Jozsef Asboth is best remembered for being the first Hungarian tennis player and the first player from an Eastern European (then Communist) country to win a Grand Slam singles title at the 1947 French Open (where he was seeded fifth). As of today, he is still the only Hungarian male player who won a Grand Slam title in singles and the only Hungarian player who was seeded No.2 (1948).
He achieved his greatest success on clay (Roland Garros, Monte-Carlo), however Harry Hopman also noted, his best surface was the grass.
In 1948, 15,000 people eagerly awaited to see the “Hungarian” play in the quarterfinal of Wimbledon against Tom Brown. According to the unanimous opinion of experts, Asboth had the most beautiful playing style of the Championships that year. After his triumph over Brown, the legendary Harry Hopman patted Asboth’s shoulder and said: “Listen pal, the grass is your element”.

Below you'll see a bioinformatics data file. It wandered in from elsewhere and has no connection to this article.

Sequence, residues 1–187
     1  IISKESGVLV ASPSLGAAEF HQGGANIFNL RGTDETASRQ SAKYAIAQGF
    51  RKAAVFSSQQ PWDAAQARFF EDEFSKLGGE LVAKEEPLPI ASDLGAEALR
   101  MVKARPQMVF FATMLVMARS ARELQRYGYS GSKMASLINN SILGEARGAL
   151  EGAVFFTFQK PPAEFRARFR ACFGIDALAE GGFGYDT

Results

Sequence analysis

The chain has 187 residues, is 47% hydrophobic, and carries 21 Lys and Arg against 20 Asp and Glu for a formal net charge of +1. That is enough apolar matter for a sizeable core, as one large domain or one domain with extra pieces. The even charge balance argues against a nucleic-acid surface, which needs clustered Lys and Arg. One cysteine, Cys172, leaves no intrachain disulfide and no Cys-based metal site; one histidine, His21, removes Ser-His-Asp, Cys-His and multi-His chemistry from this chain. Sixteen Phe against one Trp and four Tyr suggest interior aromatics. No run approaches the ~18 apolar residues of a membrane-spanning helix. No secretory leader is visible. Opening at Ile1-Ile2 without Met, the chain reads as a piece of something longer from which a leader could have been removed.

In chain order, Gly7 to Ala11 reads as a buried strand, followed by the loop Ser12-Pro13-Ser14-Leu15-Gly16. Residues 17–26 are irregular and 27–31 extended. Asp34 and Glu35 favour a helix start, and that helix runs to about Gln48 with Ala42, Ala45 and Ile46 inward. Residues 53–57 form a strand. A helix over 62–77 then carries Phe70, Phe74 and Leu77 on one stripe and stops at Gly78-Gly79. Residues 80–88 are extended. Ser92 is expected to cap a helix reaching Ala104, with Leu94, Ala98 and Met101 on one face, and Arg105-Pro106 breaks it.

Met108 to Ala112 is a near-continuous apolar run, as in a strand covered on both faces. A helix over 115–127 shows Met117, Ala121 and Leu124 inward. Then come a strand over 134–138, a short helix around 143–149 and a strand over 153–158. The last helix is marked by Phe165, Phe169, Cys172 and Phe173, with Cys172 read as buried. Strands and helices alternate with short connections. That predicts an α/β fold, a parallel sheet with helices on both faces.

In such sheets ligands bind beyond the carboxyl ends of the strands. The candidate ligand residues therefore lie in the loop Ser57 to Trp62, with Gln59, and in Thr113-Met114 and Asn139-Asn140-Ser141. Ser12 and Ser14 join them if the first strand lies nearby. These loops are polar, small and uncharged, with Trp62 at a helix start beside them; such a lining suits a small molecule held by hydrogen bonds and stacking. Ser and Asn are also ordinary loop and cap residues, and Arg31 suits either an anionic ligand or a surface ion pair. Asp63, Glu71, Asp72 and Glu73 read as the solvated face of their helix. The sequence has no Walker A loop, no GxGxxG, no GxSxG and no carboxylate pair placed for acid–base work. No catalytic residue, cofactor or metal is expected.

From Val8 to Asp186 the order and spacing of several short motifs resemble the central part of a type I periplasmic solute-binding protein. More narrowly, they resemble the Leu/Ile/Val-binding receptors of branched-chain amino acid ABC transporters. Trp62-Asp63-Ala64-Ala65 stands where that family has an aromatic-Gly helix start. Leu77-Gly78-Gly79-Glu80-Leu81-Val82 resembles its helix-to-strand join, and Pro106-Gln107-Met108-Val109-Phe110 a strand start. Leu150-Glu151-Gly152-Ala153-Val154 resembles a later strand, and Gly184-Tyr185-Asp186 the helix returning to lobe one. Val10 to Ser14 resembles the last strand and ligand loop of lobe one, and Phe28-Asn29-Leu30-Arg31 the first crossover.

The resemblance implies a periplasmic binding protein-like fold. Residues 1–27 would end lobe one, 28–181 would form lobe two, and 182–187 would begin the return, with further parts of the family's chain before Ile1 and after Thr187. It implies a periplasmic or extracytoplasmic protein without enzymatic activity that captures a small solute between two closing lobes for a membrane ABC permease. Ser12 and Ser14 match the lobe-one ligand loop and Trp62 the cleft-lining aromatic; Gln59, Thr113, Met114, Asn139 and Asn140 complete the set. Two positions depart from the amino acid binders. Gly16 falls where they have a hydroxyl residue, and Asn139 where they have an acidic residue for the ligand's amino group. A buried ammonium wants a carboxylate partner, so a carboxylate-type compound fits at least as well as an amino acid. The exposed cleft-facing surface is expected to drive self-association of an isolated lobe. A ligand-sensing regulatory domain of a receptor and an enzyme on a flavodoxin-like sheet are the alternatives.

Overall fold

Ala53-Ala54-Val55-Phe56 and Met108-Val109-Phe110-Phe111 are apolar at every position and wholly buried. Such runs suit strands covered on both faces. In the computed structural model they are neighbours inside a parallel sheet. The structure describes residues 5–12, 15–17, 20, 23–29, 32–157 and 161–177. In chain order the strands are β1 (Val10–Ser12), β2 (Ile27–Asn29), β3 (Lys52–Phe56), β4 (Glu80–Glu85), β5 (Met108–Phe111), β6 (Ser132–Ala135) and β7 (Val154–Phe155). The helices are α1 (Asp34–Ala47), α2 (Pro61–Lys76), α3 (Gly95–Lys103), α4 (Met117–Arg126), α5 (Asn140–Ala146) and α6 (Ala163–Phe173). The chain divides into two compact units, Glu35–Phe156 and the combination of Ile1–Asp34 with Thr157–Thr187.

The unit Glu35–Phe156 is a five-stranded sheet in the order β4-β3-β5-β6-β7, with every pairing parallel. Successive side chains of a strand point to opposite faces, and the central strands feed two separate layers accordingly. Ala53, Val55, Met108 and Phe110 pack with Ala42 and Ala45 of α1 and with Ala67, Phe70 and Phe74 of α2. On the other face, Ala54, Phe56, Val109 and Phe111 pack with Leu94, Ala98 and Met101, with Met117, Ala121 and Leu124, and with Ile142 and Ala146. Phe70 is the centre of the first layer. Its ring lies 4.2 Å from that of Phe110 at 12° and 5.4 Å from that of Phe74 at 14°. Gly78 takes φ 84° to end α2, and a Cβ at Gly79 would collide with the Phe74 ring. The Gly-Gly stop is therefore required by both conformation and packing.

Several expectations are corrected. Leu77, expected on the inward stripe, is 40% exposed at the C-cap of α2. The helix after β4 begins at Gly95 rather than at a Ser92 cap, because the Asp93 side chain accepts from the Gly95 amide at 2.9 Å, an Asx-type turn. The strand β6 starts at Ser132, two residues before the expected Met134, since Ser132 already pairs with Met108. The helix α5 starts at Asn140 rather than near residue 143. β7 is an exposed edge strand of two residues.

His main strength was his legs, however both mentally and physically he could compete with any rivals, even with the best ones.
Asboth’s mentor was the legendary Henri Cochet, and he followed the footsteps of his great predecessor. He always wore short-sleeved white shirt and long white pants like the Great Musketeer as well as throughout his career was characterized with the following words: devotion in fight, gracious in defeat, humble and gentle in victory.
Asboth was an extremely talented tennis player, he had already showed his gifted aptitude early in his career. However, his career could not achieve its full potential due to political hindering factors (WWII and Communism). He was the pioneer and he opened the door for other players and future champions from the Eastern European countries (Drobny, Kodes, Nastase, Lendl).